Working with children who suffered from burns was the most meaningful experience of Cailin Deal’s life. When she was a senior at the University of Connecticut, when she could have graduated a semester early and taken it easy, she instead chose to intern at the Red Cross Children’s Hospital (RCCH) in Cape Town, South Africa, where she researched ventilated-associated pneumonia (VAP) in burn victims.
VAP occurs when intubated patients acquire infections from the ventilator itself. Because of hazardous and crowded conditions in the crowded slums on the outskirts of major South African cities, many children suffer burns caused by hot water, shack fires started by candles used to see at night, electrical wires, open fires and other means. Deal conducted case research, often through interviews with parents, to figure out why some children develop VAP and some do not. Although they did not have time to complete a thorough study, they did find a significant correlation of VAP with fire burns, most likely due to smoke inhalation. “This research was emotionally taxing since many of the children with VAP died,” she says. “Some I had personally seen struggle to live, while others seemed to improve only to succumb to an opportunistic pathogen I’d never thought of as dangerous.”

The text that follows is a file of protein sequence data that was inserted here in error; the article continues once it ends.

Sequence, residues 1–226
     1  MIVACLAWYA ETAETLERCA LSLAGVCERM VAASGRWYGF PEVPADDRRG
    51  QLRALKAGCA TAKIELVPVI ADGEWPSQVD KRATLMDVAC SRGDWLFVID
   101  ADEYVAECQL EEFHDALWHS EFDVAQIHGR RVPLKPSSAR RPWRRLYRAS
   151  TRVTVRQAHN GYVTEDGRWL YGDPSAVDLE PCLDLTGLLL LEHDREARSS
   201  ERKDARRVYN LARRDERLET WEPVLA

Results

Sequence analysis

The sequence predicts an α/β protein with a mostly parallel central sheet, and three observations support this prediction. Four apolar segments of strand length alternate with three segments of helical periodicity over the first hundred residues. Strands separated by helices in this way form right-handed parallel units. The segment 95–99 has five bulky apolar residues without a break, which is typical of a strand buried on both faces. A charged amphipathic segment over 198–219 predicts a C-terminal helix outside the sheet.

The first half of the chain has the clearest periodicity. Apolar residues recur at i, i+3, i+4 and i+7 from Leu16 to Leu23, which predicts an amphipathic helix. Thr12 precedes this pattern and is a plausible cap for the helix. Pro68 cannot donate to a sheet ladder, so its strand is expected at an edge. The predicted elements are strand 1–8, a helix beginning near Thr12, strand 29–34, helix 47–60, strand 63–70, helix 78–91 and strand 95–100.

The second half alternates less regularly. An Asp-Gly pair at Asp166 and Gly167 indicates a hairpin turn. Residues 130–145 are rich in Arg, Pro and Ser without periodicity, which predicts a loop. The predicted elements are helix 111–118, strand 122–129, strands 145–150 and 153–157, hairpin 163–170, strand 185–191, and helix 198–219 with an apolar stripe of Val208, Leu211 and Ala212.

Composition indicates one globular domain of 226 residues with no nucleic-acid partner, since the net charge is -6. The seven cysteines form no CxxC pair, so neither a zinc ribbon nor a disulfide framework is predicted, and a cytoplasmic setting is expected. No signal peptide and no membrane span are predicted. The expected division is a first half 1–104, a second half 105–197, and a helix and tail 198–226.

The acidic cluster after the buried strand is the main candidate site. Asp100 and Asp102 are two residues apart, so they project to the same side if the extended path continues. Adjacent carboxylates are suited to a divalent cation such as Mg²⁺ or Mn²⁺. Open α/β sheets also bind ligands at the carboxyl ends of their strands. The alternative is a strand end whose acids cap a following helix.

On weekends, Deal spent her time volunteering, at a rape crisis center, a battered women’s shelter, a mobile clinic, and especially at the Khayelitsha Youth Support Program, which taught children life skills and helped keep them out of gangs and off drugs. Her experience in South Africa was life-changing. She knew that she wanted to spend her life channeling her love for science, particularly biology and virology, into promoting global health.
Postdoctoral Research Fellow, Ragon Institute of MGH, MIT and Harvard